Dissident sentences spark international outcry amid fears for third lawyer’s health

The wife of lawyer Chang Weiping says nobody has seen him since he appeared very thin at his trial last year.
By Jenny Tang and Chen Zifei for RFA Mandarin
Dissident sentences spark international outcry amid fears for third lawyer’s health In this undated handout photo Xu Zhiyong, left, and Ding Jiaxi in Guangzhou, China.
(Photo via Reuters)

The jailing of Chinese dissidents Xu Zhiyong and Ding Jiaxi to more than a decade apiece for “subversion” on Monday has sparked international condemnation, amid fears another lawyer may be in line for an equally harsh sentence.

“I am very concerned that two prominent human rights defenders in China – Ding Jiaxi and Xu Zhiyong – have been sentenced to lengthy prison terms, at variance with international human rights law standards,” United Nations High Commissioner for Human Rights Volker Türk said in a statement.

“Human rights law requires that people not be prosecuted or otherwise punished for voicing their criticism of government policies. It also requires respect for fair trial and due process rights, and proper investigations into any allegations of ill-treatment,” Türk said, adding that he would “follow up” with Beijing about the cases.

The United States also condemned the sentences – 14 years to Xu and 12 years for Ding – calling them “unjust.”

“These sentences demonstrate the PRC’s expansive effort to intimidate and silence all aspects of civil society,” the State Department said in a statement on its website, calling for the pair’s immediate and unconditional release.

In this Jan. 22, 2014 photo, Chinese police stand guard outside the No. 1 Intermediate court in Beijing, ahead of a trial of Xu Zhiyong, one of China’s most prominent dissidents who founded the New Citizens Movement. (Goh Chai Hin/AFP)

“We similarly call upon [Beijing] to release others who were unjustly detained or imprisoned, to reinstate the lawyers who were unjustly disbarred, and to allow all individuals to exercise their fundamental freedoms,” it said.

The Linshu County People’s Court in the eastern province of Shandong handed down a 14-year jail term to Xu Zhiyong and a 12-year sentence to rights lawyer Ding Jiaxi on Monday after finding both men guilty of “subversion of state power” – a charge often used to target critics of the government – after they attended a 2019 dissident gathering.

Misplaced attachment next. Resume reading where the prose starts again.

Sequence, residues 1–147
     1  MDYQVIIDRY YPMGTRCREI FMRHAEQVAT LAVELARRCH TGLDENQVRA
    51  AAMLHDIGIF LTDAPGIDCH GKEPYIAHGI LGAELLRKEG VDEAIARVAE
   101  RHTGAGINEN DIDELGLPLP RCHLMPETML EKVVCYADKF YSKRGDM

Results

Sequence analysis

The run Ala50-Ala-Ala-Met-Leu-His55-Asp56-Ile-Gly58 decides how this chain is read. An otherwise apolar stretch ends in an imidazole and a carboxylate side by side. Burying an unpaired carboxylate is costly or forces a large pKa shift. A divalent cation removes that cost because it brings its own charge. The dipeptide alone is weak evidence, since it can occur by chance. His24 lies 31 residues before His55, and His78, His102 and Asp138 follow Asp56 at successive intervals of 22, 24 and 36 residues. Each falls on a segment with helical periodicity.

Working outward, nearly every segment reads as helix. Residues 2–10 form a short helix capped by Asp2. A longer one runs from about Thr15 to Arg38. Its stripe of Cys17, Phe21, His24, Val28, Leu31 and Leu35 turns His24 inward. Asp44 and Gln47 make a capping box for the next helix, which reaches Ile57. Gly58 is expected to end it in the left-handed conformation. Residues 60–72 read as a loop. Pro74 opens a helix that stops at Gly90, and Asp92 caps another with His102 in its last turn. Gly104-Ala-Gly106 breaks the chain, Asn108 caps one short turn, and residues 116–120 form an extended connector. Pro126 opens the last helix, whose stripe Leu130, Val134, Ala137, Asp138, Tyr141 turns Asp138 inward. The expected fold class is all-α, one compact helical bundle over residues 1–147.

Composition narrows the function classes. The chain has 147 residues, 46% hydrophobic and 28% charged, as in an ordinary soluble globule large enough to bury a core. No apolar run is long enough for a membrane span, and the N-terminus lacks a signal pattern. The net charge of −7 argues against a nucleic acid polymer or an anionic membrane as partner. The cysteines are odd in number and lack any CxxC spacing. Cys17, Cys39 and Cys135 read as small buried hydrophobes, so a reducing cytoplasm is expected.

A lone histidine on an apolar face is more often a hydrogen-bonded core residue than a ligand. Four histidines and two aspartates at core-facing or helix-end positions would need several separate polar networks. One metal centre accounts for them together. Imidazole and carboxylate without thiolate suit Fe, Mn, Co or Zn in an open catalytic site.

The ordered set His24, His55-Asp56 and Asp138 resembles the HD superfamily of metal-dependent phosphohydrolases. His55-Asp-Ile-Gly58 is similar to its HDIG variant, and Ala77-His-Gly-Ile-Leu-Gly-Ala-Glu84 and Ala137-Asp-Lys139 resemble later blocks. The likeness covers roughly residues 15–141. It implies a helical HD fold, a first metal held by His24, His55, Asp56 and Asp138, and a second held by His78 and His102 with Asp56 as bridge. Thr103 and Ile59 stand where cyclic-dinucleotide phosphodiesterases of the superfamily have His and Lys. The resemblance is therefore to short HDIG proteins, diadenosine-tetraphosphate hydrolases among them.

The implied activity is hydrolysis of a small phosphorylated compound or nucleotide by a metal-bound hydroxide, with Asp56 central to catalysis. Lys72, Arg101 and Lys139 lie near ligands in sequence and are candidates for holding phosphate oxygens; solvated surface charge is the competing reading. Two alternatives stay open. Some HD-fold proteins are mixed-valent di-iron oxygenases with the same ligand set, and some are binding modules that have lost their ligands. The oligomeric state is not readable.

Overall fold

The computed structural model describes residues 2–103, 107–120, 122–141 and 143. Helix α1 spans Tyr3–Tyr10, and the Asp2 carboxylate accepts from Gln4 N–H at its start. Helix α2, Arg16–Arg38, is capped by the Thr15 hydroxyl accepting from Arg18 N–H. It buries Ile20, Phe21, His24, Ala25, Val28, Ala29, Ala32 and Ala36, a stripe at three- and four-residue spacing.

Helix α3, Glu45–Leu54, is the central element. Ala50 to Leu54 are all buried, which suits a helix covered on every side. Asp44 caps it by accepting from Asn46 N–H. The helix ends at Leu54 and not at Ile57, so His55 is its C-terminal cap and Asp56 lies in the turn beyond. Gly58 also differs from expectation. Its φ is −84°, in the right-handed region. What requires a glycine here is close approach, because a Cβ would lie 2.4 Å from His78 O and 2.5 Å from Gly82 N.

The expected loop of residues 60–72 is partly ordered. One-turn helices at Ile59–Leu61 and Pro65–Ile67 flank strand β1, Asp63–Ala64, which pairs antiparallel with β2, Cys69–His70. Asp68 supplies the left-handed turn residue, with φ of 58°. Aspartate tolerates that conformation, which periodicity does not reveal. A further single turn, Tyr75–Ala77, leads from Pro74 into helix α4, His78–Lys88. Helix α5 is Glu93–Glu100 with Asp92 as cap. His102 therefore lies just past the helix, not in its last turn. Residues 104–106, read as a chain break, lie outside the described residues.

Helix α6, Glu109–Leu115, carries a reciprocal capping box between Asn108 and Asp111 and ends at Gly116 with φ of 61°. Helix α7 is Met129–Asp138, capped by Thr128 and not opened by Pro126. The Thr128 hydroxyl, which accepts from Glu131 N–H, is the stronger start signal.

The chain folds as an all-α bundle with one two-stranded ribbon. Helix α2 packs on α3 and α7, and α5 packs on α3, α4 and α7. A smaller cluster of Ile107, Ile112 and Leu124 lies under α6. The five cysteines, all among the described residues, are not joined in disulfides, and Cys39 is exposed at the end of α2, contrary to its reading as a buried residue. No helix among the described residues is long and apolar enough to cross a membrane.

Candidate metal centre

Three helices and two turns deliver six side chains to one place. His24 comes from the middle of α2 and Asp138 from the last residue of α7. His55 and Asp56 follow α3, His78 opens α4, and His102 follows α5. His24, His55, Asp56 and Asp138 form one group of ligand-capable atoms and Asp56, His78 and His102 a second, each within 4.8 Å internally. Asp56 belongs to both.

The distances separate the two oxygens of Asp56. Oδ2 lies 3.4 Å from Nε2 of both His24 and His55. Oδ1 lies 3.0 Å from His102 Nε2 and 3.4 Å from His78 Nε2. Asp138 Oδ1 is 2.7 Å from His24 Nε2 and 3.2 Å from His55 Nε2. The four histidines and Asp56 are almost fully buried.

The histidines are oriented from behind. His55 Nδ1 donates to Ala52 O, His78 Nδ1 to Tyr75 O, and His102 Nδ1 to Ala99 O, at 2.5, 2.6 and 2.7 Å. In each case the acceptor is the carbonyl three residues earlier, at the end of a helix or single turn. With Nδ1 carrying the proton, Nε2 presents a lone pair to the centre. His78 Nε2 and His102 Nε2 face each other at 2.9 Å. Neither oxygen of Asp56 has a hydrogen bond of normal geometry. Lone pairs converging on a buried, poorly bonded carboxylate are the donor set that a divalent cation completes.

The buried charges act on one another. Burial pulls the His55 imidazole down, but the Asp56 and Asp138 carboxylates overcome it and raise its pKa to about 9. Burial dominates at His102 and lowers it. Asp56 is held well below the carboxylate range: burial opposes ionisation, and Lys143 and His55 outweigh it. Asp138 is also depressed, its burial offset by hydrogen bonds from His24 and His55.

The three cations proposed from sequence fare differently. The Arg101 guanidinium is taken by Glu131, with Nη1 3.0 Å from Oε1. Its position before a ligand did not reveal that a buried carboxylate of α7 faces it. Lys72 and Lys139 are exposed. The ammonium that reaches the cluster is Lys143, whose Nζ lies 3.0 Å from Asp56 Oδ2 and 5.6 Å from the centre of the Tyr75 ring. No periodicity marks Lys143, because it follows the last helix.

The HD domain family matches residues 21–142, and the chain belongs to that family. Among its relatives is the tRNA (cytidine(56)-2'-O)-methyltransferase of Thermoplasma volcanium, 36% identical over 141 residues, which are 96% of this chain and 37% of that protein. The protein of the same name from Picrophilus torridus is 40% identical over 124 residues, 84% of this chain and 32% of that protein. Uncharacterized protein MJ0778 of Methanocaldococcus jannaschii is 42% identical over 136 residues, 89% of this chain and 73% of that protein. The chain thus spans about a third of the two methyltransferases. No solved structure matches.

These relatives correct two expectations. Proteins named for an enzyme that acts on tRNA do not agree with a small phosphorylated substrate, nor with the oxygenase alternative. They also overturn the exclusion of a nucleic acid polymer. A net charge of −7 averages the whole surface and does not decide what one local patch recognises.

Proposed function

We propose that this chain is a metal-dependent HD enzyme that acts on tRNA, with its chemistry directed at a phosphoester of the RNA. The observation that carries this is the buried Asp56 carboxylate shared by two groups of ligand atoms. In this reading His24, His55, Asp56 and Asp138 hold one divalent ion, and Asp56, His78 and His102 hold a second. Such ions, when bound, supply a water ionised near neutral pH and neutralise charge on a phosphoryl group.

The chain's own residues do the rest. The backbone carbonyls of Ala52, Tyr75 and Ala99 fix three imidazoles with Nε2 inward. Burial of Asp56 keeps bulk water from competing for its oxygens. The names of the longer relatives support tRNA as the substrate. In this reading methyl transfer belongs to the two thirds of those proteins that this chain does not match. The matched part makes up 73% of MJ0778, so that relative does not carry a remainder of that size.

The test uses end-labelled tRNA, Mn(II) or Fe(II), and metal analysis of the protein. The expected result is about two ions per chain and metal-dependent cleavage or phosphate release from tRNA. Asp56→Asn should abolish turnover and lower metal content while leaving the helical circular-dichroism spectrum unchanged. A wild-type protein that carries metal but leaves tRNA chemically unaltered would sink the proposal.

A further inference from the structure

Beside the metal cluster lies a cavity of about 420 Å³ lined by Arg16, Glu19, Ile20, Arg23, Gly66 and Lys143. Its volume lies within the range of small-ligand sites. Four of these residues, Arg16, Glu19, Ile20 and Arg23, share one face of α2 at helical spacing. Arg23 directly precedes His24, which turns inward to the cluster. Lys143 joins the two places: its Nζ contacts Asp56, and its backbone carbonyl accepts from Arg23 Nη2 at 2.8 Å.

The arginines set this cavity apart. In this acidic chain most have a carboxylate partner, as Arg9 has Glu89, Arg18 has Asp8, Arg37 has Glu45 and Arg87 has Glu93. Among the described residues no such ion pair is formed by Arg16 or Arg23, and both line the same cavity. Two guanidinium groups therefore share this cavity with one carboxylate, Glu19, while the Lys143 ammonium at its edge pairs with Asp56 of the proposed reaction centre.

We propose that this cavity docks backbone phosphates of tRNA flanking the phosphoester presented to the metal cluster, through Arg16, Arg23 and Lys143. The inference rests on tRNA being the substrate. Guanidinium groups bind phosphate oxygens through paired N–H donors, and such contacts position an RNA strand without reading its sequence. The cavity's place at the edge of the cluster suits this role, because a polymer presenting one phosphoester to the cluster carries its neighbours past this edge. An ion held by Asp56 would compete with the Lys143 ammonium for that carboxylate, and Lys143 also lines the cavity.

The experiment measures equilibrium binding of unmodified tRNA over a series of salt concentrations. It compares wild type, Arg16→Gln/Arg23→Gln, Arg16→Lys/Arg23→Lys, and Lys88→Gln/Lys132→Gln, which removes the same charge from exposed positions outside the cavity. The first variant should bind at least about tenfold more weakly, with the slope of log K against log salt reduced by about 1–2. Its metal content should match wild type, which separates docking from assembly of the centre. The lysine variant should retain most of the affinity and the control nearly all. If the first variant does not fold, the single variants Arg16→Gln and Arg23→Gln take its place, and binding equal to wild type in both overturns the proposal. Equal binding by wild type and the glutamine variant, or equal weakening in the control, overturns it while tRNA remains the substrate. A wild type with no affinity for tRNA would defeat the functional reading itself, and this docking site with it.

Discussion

Activists attended a dinner in Xiamen

Ding and Xu, the founder of the “New Citizens’ Movement” campaign for government transparency, were detained after they attended a dinner with prominent activists in December 2019 in Xiamen in southeastern China.

The lengthy jail terms have sparked fears that another lawyer who attended the gathering, Chang Weiping, could also soon receive a similarly harsh sentence, according to his wife, Chen Zijuan.

“The trial will be held soon, and I worry that my husband will also receive a harsh sentence,” she told Radio Free Asia.

“It seems the Xiamen gathering cases are being wrapped up now, and I expect Chang Weiping’s sentencing to come soon,” she said.

In this March 6, 2023 photo, UN High Commissioner for Human Rights Volker Turk, center, is seen on a TV monitor speaking during a session of the 52nd UN Human Rights Council in Geneva. (Fabrice Coffrini/AFP)

Chang – whose lawyers say he has suffered torture in incommunicado detention – was tried in secret on identical charges at the Feng County People’s Court in the northern province of Shaanxi in July 2022.

The charge carries a maximum sentence of life imprisonment and a minimum jail term of 10 years.

“It’s clear that the Chinese Communist Party is trying to make an example of [people who went to the Xiamen gathering], and suppress civil society in China with these heavy sentences,” Chen said, adding that Chang’s case, like Xu’s and Ding’s, has been subjected to repeated delays.

“A regular criminal case typically takes about four months to get to trial in China, but in Chang Weiping’s case, it has been two-and-a-half years,” Chen said. “They drag these things out because they hope that the international attention will die down, and people will get distracted by the next news story.”

Chen voiced fears for her husband’s health after such a long time in pretrial detention, saying he had lost a lot of weight. But he has also been denied visits from his legal team since last year’s trial, leading her to fear that he could have been tortured again.

“The lawyer who saw him during the trial said he was looking very thin, only weighing around ... 50 pounds,” she said. “What kind of state is his health in now? Why won’t the police allow visits?”

In this March 2023 handout photo, Chang Weiping’s wife, Chen Zijuan, receives the Franco-German Prize for Human Rights for 2021 on behalf of her husband at the German Embassy in Washington.

Zhou Fengsuo, founder and director of the U.S.-based rights group Humanitarian China, said he is very concerned about Chang, Xu, Ding and fellow activist Li Qiaochu, who was sent to a psychiatric hospital in the eastern province of Shandong following accusations of “subversion of state power.”

“China’s human rights record is a threat to the whole world,” Zhou said. “The international community needs to get tougher on this, not just speaking out, but also coming up with tougher policies.”

“The best way would be to link trade policy with the human rights situation in China, which would make international pressure more effective in the long term,” he said.

Translated by Luisetta Mudie. Edited by Matt Reed.


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